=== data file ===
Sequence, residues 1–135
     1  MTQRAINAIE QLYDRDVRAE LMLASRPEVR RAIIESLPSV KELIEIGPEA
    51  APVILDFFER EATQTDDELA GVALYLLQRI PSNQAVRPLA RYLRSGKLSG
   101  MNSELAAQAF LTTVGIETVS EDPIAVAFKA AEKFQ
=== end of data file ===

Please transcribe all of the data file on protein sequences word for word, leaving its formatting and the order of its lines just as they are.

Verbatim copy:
Sequence, residues 1–135
     1  MTQRAINAIE QLYDRDVRAE LMLASRPEVR RAIIESLPSV KELIEIGPEA
    51  APVILDFFER EATQTDDELA GVALYLLQRI PSNQAVRPLA RYLRSGKLSG
   101  MNSELAAQAF LTTVGIETVS EDPIAVAFKA AEKFQ